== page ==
Southeastern Ohio Chapter Autism Society of America
Southeastern Ohio Chapter Autism Society of America

Starting a Nonprofit

Appalachia is currently home to hundreds of nonprofits with a range of missions – to feed the poor, teach children about art, provide medical care to the homebound and much more. Because each of these organizations is struggling to make ends meet, it is usually a better idea to help an existing nonprofit rather than start a new one. However, it may be time for a new nonprofit if:

  1. An unmet need has been documented in the community
  2. No other local nonprofit is able or willing to address this need
  3. A group of individuals has come together and wants to donate time and money to meet this need

Sources of Additional Information

The Michigan Nonprofit Association provides a more detailed description of the steps necessary to start a nonprofit.

The Internal Revenue Service provides detailed information about the federal paperwork necessary to start and maintain a nonprofit.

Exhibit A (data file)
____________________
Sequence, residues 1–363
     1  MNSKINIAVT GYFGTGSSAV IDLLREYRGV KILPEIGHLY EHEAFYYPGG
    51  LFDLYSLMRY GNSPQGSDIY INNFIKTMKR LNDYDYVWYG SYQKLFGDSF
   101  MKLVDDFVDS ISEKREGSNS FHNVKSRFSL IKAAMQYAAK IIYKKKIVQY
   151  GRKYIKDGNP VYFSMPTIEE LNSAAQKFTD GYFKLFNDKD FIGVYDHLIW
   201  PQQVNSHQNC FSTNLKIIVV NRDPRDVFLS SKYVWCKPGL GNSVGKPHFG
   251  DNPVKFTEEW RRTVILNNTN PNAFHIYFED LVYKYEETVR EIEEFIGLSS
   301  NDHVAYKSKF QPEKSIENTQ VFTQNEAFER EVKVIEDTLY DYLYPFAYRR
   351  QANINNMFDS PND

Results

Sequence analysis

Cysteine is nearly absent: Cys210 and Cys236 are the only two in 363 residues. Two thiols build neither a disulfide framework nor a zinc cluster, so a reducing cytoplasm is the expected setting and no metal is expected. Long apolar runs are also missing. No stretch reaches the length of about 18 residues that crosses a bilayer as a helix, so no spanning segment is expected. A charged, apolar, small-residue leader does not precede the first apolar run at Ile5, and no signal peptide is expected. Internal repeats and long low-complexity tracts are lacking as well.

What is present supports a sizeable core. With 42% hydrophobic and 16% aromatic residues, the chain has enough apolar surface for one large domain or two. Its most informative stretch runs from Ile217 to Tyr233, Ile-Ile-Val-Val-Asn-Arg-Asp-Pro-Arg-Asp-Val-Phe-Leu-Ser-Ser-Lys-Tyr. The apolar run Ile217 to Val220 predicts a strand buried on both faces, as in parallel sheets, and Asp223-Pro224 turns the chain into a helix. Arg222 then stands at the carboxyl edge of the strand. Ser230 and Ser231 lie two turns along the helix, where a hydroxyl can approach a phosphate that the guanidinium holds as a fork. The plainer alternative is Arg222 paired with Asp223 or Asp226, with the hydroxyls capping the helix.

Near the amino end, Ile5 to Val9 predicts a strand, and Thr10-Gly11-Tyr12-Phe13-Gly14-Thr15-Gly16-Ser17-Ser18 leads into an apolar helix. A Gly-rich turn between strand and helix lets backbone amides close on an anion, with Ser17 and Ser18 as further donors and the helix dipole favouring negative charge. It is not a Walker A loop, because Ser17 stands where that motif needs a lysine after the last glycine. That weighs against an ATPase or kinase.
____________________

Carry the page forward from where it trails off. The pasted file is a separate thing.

The Foundation Center offers many useful links and articles on nonprofit start-up, including an online tutorial.

The Regional Nonprofit Alliance has some useful books on starting a nonprofit. Stop by to borrow a book or, if you aren’t close by, send us an email ( with the type of information you are looking for, and we’ll send you a packet of information electronically. 

Books in our library include:

  • Start and Grow your Faith-Based Nonprofit by Jill Esau
  • Nonprofit Kit for Dummies by Stan Hutton and Frances Phillips
  • Navigating the Organizational Lifecycle: A Capacity-Building Guide for Nonprofit Leaders by Paul Connolly
  • Setting and Advancing the Mission by Kay Sprinkel Grace
  • Structures and Practices of Nonprofit Boards by Charles Dambach

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